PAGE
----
Motivations & Roundedness You need to understand why your profile person behaves the way they do. Ask them about motivations that you can’t understand – otherwise you won’t be able to write effectively about them. Very few real people are static or completely stable. Your profile person might have things that drive them and things that repel them – but there will probably be more than one. Nobody is just a custodian, nobody is just a mother caring for her children, nobody is just a busy doctor.

Profile’s Personality Is your profile person mean, nice, funny? That can be determined all by their personality...

Personality Mix Most people have a mixture of a few personalities. The caring mother mentioned above might be a Type-A scrap booker and a wine lover. The busy doctor might compete in triathlons and have three pitbulls who she/he puts into competitions. The custodian may be a collector of vintage motorcycles, obsess over a particular hockey team, and spoil his/her grand-daughters. It is your job as the profile writer to ask questions that lead to these findings. Here are a few questions to ask: • What adjectives would your friends use to describe you? • What hobbies do you have? • What would your “best day” consist of? • What is on your Bucket List? • Describe yourself in one sentence. • What’s something weird in your fridge right now? • What three items would you want on a deserted island?

Profile: The Little Details Details are very important in writing a profile piece; they could make or break your story! I won’t give you tips on little details, since there can be so many, but I will tell you one thing: when writing out details, be careful, they can change your profile piece a lot! For example, a reader can tell that a character is impatient if he/she taps her feet from time to time. 89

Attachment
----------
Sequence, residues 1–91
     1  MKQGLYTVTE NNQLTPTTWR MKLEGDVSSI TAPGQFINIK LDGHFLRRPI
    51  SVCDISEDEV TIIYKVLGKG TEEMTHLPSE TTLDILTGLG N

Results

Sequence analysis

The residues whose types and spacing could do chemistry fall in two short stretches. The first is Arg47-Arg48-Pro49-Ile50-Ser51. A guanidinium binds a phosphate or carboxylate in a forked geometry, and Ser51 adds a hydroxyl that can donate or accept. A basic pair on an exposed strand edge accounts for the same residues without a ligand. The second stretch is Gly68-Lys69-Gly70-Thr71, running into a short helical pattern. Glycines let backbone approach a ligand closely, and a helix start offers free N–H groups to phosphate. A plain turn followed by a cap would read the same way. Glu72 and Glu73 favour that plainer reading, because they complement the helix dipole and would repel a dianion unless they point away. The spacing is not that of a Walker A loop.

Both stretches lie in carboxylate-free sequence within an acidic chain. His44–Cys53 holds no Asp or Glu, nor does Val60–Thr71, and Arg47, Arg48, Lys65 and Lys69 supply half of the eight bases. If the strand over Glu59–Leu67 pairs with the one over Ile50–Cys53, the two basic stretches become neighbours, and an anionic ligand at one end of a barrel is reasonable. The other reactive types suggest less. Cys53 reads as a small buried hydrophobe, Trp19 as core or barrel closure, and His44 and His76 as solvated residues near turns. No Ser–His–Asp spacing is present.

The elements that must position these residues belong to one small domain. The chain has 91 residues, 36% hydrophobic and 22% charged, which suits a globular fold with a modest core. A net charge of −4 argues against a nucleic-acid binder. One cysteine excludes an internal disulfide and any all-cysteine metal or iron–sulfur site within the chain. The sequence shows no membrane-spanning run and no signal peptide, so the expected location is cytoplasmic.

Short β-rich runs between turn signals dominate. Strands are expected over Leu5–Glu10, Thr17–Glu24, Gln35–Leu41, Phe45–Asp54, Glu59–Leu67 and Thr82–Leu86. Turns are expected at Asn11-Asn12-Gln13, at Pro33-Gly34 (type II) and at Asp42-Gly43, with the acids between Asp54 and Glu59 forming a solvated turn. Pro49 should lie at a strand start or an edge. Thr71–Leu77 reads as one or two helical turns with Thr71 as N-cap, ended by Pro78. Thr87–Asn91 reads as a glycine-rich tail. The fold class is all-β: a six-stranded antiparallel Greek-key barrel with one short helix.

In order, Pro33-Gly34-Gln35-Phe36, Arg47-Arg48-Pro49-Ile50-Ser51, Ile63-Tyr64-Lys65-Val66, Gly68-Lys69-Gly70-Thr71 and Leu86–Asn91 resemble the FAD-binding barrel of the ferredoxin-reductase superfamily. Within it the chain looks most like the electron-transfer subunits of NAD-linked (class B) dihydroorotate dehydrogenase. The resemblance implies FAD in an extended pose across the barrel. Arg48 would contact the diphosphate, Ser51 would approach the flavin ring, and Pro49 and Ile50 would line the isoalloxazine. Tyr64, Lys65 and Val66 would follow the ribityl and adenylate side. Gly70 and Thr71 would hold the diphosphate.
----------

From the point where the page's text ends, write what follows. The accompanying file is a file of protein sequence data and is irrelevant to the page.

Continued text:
Author/Teacher Example: Profile She “Wants to be a Zombie in a Future Life” When she was born, I called her “that girl.” Apparently, I wasn’t too keen on having another kid around. I had the place to myself for three years, so, I guess I had territorial issues. She was chubby = “Just say I was a fat kid already.” She still claims that her baby gut never went away; in college, it was expanded with her addiction to diesel Pepsi. Since then, she’s given up that all-out sugar and fills the baby gut with beer. “It’s the only right thing to do.” She also felt the oddness, once the other siblings were born, of being the middle child = “It sucks.” Alisa was accused of things the rest of us did, which was not cool but it happened. Of all of us, she was an easy target; she feels guilt quicker (“It’s that damn Catholicism at worked!”) and had a very secretive rebel side that no one knew of until later. Did she really start smoking at age 14? Yep. And drinking at 15? Yes. But we didn’t suspect it. We lived together when she decided to go to NDSU. At that point, I was a clean freak and she wasn’t, but when I ended up on my own later, teaching & exhausted, we would switch spots. Now, she’s almost got OCD (“I like things done in 5s; when people touch the volume in my car, I have to ask them to do it in units of 5.”). And what adds to it is her English degree. We both get easily irritated with spelling and punctuation errors. With that English degree came more awkwardness of what to do with it. She’s very creative, but lacks confidence. And she’s not a huge book reader, either, which shocks most. Her most recently read book was The Zombie Survival Guide. While at times I have felt like a mom to her, she is my best friend. We look similar, but her very blue eyes and naturally brown hair make her look wiser and more authentic (“Do people think I’m older than you because I’m angry?” Me: “I think it’s your hair color.”). She’s brutal and fun and knows how to kick ass. Any mention of zombies or pirates or sharks (“Shark Week! Did you know…”) or Peyton Manning, and she’ll talk your face off. She’s almost gotten two nicknames related to her storytelling skills = Sideline and Bulldozer. She tends not to stay on track, and, yes, she’ll bulldoze you over with statistics any time. She’s the glue in our family. I wouldn’t be as close to my youngest siblings if it weren’t for Alisa. We’ve been through a lot together, but we stick by each other. We’ve paid each other’s way, financially or otherwise (“Red Lobster, courtesy of Ma & Pa!”). At the end of my life, I hope her and I follow-through on our wishes = to have purple hair and wear sweatpants along with t-shirts that say stupid stuff like “Princess” or “Bite Me.” Works Cited Priebe, Alisa. Personal Interview. 14 Dec 09.